The other main hybrid type is the author who does so well self-publishing that they get picked up by a major house. Like with the above group, the success for these authors came from the choice to self-publish. But again, credit goes to the publisher or the decision to go “hybrid.” In both cases, the above graph pulls these authors out of the category in which they belong (you know, the path that either earned them the most money or gained them enough readers to publish however they like) in order to create a false equivalence.
So take the graph in again. Out of the traditional publishing path, let’s remove all those who didn’t get in, despite making the choice to query an agent. Let’s also take the highest earners out of the self-publishing path. Can we artificially tilt the data any further?
Sadly, this is how industry analysts pose the question of potential earnings to authors. You want to laugh, but you have to cry.
Can you choose to publish with Random House? No. You can choose to send your manuscript to an agent and hope to secure their services and hope they submit your work to an editor at Random House, and hope you get an offer, and hope the book comes out. The only real choice is between self-publishing and querying an agent. But that’s not how the data on earnings and satisfaction were presented in this panel at RWA. What we saw were the results of publishing paths, not the expected outcomes of each potential choice.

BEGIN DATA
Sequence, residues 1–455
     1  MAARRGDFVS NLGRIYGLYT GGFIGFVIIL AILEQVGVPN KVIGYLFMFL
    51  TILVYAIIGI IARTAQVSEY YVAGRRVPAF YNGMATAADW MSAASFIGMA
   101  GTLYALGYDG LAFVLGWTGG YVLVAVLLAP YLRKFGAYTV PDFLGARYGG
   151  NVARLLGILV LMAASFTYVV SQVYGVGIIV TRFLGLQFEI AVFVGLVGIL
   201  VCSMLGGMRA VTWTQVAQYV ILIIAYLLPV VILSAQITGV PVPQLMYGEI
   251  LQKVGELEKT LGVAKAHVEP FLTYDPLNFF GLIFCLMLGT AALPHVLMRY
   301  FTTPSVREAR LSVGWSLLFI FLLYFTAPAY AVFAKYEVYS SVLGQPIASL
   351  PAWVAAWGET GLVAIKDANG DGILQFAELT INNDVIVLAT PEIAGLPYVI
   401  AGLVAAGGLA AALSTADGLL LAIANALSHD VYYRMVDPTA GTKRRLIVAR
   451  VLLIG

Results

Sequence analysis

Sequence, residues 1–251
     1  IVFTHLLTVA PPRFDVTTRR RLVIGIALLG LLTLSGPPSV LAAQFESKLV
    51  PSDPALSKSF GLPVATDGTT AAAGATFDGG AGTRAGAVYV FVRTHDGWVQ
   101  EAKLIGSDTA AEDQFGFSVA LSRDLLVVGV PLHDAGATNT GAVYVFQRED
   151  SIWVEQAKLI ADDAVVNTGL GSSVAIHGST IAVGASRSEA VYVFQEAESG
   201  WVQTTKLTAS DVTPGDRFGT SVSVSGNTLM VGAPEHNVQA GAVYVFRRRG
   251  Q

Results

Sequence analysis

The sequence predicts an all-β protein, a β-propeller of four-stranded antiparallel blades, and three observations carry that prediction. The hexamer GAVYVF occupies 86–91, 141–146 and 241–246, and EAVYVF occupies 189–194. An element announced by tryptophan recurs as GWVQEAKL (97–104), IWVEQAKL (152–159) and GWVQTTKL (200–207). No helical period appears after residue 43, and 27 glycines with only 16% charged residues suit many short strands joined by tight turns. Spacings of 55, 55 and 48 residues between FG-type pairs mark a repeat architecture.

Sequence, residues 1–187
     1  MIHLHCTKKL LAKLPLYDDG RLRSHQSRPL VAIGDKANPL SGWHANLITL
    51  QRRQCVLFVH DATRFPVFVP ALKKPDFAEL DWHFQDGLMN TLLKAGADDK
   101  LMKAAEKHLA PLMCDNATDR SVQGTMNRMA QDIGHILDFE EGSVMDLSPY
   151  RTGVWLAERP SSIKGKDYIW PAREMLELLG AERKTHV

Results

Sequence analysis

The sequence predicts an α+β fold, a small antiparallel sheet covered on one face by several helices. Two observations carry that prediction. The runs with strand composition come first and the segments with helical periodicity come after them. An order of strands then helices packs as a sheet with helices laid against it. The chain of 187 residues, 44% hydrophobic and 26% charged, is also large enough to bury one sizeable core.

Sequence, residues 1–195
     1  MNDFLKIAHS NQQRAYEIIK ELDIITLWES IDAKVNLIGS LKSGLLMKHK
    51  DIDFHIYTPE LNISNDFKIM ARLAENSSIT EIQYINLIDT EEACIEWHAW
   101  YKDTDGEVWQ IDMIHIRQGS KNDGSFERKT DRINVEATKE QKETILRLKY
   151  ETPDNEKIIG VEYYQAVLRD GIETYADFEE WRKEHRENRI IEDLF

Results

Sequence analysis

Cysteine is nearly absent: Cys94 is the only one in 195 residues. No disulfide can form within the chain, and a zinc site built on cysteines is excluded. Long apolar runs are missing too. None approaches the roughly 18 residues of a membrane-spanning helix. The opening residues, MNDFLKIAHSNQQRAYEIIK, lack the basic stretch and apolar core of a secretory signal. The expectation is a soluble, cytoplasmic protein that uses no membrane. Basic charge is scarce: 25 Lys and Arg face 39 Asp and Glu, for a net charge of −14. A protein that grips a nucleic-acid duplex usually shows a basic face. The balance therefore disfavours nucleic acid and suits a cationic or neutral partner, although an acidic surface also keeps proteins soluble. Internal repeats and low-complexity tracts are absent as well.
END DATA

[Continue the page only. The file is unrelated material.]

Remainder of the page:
If you want to show the outcome of each choice, you need to know how many people are submitting manuscripts that never get published. You need to know how many of those people give up and choose not to self-publish. Otherwise, you are taking the very top of one group and lining them up against the entirety of the other group. This seems so basic to many of us that we can’t understand how it doesn’t get through to these analysts. If you are trying to help authors make favorable decisions with their manuscripts, they need to know the odds at the outset, not the final outcome for those who won some lottery.